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There’s no doubt Hanauma Bay has become one of the most popular snorkeling spots on Oahu. A pleasantly overwhelming amount of fish nibble at your toes and brush up against you with their slippery bodies. A very friendly bunch, to say the least, as they welcome you to their sacred underwater world.
A glorious morning at Hanauma Bay.
But what many don’t notice is the history surrounding the bay, just above the water’s surface. The crater rim wraps its curved arms around and protects the bay from the wrath of surrounding ocean waves; hence the name Hanauma (pronounced ha-NOW-muh), which means “curved bay” in Hawaiian.
Hawaiian History at Hanauma
Some say the crater resembles a giant lizard named Keanamoo. According to an ancient Hawaiian legend, Keanamoo arranged an arm wrestling match for the two men wanting to marry his daughter, Keohinani. The victor would get his wish, but on match day, both men struggled to prove their greatness, as each was equally h3.
Keohinani loved both men and couldn’t stand to watch them suffer, so she climbed to the top of the crater and asked the akua (gods) to transform her into a hill. This way, the pain would end, and everyone would be able to gaze upon her innocence forever. Her unselfish request was instantly granted, as she morphed into the lower part of the Hanauma crater, where you’ll now see a modern-day radar station.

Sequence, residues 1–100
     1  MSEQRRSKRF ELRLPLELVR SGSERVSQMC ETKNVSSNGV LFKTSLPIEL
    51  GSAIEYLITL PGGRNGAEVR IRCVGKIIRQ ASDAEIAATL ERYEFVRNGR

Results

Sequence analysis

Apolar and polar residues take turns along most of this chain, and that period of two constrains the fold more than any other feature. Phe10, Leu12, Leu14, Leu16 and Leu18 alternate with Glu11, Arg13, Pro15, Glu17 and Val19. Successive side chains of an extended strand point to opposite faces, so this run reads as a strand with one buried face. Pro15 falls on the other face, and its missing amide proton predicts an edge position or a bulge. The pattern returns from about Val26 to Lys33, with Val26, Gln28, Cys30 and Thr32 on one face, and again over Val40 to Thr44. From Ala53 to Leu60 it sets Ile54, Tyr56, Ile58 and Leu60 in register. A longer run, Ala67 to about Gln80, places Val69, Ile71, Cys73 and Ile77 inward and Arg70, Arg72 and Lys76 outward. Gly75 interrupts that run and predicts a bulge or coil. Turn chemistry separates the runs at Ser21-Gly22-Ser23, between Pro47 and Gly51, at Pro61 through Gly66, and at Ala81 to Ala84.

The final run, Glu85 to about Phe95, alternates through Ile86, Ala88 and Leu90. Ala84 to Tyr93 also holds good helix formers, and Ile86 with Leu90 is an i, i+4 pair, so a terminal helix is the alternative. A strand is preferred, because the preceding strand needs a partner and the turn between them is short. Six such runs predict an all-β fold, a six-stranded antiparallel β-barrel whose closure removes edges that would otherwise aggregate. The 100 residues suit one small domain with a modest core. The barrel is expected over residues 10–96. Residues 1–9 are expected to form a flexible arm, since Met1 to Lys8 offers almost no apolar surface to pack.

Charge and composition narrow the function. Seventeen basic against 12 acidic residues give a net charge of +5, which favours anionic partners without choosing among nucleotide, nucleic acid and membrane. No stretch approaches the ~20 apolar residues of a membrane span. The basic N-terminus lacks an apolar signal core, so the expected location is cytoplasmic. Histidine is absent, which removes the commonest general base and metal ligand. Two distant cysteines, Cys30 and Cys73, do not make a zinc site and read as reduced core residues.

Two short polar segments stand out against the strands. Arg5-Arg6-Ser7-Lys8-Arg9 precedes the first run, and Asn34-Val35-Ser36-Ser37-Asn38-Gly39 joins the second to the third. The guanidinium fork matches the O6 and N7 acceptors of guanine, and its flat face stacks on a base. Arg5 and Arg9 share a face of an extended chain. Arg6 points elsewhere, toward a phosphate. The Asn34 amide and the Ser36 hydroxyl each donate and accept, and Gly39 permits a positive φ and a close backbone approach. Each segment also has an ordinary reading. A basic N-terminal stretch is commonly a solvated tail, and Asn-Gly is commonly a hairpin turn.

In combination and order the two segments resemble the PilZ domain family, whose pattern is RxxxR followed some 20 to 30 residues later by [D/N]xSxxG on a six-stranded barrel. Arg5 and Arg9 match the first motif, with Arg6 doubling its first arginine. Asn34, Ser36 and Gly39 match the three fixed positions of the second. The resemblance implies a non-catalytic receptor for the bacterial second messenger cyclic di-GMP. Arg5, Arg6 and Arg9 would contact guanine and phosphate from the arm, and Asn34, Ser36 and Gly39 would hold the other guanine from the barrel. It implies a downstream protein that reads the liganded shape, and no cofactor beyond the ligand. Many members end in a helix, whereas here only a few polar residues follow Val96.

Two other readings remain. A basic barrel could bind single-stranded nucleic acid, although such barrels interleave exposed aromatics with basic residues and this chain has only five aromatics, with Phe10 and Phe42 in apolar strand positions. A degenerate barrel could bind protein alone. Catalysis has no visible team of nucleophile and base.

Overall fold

Can you see the moo, or gecko, that protects Hanauma Bay?
Her father had been so moved by his daughter’s act of kindness that he transformed himself into the crater rim above her. Today, the two inter-twined ridges not only look like his giant lizard tail but the locked arms of the men’s wrestling match, as well.
Regal and Rock ‘n Roll
The bay has become an important part in Hawaii’s history, noted as a Hawaiian fishing shelter and also one of Queen Kaahumanu’s favorite hang outs. She’d spend an entire month lounging alongside the calm waters, enjoying the entertainment provided by hula dancers and hand wrestlers. In 1961, Elvis Presley filmed his Hollywood breakthrough, Blue Hawaii, here.
Hanauma’s clear waters provide perfect visibility for snorkelers.
Hanauma continued to rack up points as a historic place when it became the state’s first Marine Life Conservation District (MLCD). Before that, many people fished and camped here, which unfortunately, depleted the fish stocks and damaged precious coral reefs. The bay has slowly started to reap the benefits of becoming a MLCD and remains to be home to one of the world’s most pristine marine ecosystems.
HANAUMA BAY NATURE PRESERVE • 7455 Kalanianaole Hwy., Honolulu, HI 96825 • Opens everyday but Tues, 6am-7pm (summer) & 6am-6pm (winter) • $5 entrance fee, $1 parking fee • Lot closes when filled (usually around 9am during summer) • 808-396-4229
Photo Credit (first and third): Katherine Finch
Posted by: Bruce Fisher on Apr 29, 2012